It's been a good year, thanks.......

Oh, and I saw a lot of fish pictures too..and listened to John. Now we can hope TH stops by when he has a baby to introduce.
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Re: Year end 2004 -- what did you learn?
Old 12-22-2004, 05:09 PM   #10
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Re: Year end 2004 -- what did you learn?

I learned that Dell has some real bargains on computers once in a while. Damn that TH!
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Re: Year end 2004 -- what did you learn?
Old 12-22-2004, 05:31 PM   #11
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Re: Year end 2004 -- what did you learn?

Thanks Cut-Throat....you made my day
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Re: Year end 2004 -- what did you learn?
Old 12-23-2004, 01:46 PM   #12
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Re: Year end 2004 -- what did you learn?

Dang that Char looks nice. I remember the taste of some 20 pounders out of Great Bear Lake a few years back - freshly caught and cooked. Not as far north as Victoria Island, but there was still ice on a portion of the lake when I was there.

Back to the topic, I have learned a lot as a new member of this board in 2004. A nice addition to The Wealthy Boomer board in Canada.

Confirmed my belief that Americans have many more pleasent options for retirement locations than do Canadians. Spouse and I have taken a look at several from eastern Gulf of M shoreline (FL, AL, MS) to Corpus Texas to Austin Hill Country, to Arizona. Have yet to check out NC.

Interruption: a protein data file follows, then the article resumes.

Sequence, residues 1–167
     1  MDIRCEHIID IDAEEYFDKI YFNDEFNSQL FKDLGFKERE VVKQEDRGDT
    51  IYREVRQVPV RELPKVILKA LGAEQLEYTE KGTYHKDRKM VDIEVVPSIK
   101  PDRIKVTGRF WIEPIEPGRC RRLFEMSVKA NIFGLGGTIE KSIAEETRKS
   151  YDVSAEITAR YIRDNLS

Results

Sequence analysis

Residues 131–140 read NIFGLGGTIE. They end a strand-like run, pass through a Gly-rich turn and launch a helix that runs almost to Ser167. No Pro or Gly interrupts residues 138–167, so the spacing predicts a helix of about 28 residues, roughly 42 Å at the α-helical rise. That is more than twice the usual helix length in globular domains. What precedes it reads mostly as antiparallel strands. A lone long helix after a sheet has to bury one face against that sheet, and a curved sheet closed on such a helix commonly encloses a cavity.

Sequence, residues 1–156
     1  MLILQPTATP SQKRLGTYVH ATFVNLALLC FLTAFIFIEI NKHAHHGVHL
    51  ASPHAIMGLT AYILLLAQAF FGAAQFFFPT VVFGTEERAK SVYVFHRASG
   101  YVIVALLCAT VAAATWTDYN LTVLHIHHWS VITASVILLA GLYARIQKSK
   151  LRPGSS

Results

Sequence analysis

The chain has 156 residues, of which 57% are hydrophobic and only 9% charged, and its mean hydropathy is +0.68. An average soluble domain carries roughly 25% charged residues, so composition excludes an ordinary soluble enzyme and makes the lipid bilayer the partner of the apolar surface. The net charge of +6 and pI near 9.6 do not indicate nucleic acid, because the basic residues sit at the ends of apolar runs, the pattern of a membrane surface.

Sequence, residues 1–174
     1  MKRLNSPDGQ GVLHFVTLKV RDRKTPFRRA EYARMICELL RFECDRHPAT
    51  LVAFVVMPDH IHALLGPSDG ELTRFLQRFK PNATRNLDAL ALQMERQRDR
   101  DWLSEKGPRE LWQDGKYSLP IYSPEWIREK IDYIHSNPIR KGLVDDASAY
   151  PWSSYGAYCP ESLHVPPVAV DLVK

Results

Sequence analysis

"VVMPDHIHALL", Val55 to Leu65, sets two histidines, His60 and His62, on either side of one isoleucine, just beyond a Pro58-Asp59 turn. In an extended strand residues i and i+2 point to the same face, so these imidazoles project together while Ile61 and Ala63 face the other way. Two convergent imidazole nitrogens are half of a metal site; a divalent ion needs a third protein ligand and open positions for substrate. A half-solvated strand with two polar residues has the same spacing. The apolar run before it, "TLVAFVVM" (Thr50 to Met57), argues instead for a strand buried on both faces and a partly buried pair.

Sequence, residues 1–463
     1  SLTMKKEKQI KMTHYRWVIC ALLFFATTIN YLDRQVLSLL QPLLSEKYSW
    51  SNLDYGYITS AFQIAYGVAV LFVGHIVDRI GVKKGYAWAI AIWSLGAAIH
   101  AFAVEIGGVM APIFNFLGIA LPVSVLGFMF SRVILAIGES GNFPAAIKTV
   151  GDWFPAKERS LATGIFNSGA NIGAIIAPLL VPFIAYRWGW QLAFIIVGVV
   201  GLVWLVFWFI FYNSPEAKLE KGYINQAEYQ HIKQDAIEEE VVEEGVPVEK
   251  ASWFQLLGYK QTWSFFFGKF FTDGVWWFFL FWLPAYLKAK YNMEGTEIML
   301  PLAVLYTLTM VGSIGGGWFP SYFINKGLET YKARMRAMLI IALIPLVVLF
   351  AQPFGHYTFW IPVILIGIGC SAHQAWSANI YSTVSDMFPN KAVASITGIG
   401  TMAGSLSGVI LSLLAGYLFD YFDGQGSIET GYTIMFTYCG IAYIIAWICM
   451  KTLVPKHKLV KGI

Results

Reading the posts on this board has reinforced my commitment to FIRE, probably May 2006 (want to reach a 35 year milestone as a life achievement before I hang up my spurs).
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Re: Year end 2004 -- what did you learn?
Old 12-25-2004, 04:50 AM   #13
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Re: Year end 2004 -- what did you learn?

Quote:
Damn that TH!
You know, I live to be damned...

I learned I could do all of my 2003 new years resolutions except for that frickin' 20lbs i wanted to lose.

3 weeks and counting until baby time. More or less

Maybe carrying a baby around for a while will knock some of those extra pounds off..

Just read a funny article this morning about men who stop working to stay home and raise the baby while their wife returns to work. Good emotional cross over with ER. My favorite quote was that quitting work 'chews up your manhood, spits it out and then chews it up again'.

Must have been a pretty weak 'manhood' if forsaking work to spend your time with your child destroys it...

Happy, happy hollidays to all, and if I dont get back here again until then...a very happy new year.

(oh yeah...quit whining Wab, you know you're loving your new playtoys...
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Re: Year end 2004 -- what did you learn?
Old 12-25-2004, 05:12 AM   #14